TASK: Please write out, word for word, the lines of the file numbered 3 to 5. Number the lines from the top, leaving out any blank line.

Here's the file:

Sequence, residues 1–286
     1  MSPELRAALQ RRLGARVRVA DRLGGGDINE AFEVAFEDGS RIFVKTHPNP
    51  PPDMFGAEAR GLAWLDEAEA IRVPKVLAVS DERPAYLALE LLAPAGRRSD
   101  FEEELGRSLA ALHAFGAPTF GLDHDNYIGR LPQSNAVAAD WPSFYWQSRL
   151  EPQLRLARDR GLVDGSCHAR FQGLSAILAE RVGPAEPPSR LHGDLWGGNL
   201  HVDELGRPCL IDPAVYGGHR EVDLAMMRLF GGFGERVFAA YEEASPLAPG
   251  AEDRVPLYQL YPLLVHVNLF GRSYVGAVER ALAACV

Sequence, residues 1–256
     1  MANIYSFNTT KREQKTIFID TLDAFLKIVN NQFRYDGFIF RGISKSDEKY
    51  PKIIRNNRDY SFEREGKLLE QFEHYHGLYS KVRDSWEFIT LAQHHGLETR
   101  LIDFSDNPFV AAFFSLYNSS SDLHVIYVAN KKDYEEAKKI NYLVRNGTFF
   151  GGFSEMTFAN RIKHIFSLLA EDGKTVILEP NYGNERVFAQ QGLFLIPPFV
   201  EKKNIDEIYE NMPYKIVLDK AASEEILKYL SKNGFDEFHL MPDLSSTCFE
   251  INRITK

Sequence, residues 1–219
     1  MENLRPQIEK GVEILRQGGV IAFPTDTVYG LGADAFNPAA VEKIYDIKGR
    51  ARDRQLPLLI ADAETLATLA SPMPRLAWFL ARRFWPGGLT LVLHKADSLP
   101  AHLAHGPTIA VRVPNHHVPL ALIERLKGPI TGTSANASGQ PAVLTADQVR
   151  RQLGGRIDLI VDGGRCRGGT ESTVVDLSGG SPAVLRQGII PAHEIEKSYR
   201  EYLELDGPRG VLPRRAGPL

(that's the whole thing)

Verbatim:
    51  PPDMFGAEAR GLAWLDEAEA IRVPKVLAVS DERPAYLALE LLAPAGRRSD
   101  FEEELGRSLA ALHAFGAPTF GLDHDNYIGR LPQSNAVAAD WPSFYWQSRL
   151  EPQLRLARDR GLVDGSCHAR FQGLSAILAE RVGPAEPPSR LHGDLWGGNL